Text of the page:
West Point: Level: 5.2 feet below full pool. Temp: Mid 50s. Clarity: Stained.
Bass: Guide Keith Hudson reports, “Schools of spotted bass mixed with hybrids, white bass and stripers and even the occasional largemouth can still be caught on jigging spoons and drop-shot rigs on deeper offshore structures. A day producing a mixed bag of species of 50 to 75 fish is not uncommon. Baits such as suspending jerkbaits, unweighted flukes, Senkos and spinnerbaits are already catching shallow largemouth bass and spots. Try to fish these baits in or near any shallow cover or around schools of baitfish in the back of pockets. Fish the open water in the pockets with a 1/2-oz. Rat-L-Trap, a Strike King Lucky Shad crankbait or an A-rig. Crankbaits on rip-rap or chunk rock is also a good pattern for early spring. The shallow bite will only get better as the water warms in February. Remember that the creeks seem to always warm first. The prespawn is just around the corner.”
Linesides: Fair. Guide Keith Hudson reports, “The downline bite with shad or bass shiners remains pretty good. Freelining a live bait will also work at times. Most of the fish seem to be holding 20 to 30 feet deep. The topwater bite is happening now but is still kind of hit or miss. As usual, expect the best topwater bite very early and very late or on overcast or rainy days. Look for gulls and loons diving—this makes it easier to pinpoint schooling stripers. I usually throw a Red Fin or Pencil Popper for bigger fish when they’re hitting on topwater. A 3/8- or 1/2-oz. white Rooster Tail, a chrome C.C. Spoon and the A-rig have also been producing. A bucktail jig is effective, as well. The mouths of most creeks and the river ledges have been holding fish. Trolling with mid-depth crankbaits and Alabama Rigs can be effective in these areas, as well. By late February, a few linesides will start the river run if temps remain unusually warm.”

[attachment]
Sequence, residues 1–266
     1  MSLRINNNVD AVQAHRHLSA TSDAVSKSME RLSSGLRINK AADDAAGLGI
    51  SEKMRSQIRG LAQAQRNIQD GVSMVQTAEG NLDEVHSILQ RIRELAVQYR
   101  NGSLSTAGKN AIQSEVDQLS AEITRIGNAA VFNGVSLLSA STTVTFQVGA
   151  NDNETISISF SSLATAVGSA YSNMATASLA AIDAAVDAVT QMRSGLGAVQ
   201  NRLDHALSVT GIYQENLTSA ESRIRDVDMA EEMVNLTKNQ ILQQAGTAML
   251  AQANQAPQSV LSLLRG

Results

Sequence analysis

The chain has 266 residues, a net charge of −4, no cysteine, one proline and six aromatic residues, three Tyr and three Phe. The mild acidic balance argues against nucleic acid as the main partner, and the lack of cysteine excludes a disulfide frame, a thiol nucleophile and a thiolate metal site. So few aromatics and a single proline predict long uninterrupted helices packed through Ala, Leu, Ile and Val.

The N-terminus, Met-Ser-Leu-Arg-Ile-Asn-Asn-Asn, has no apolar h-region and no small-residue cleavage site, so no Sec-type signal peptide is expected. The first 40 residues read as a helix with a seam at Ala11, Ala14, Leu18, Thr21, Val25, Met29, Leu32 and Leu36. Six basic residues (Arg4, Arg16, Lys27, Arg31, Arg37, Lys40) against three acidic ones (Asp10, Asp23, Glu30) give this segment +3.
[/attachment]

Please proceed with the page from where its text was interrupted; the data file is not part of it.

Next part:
Crappie: Good. Guide Keith Hudson reports, “If the weather stays warm in February, the crappie fishing will get very good in a hurry. Fishing with minnows or a small jig around brushpiles and blowdowns in 3 to 6 feet of water will produce some big prespawn crappie, especially in the evenings. Fish can also be caught deep on a straight line with minnows around creek channels. Concentrate on trees and brush that are close to the old creek channels. As usual, crappie seem to love shade and cover. Yellow Jacket, Wolf and Whitewater creeks are producing already. Trolling the channels in these creeks with 1/16-oz. Jiffy Jigs will also produce nice catches in February.”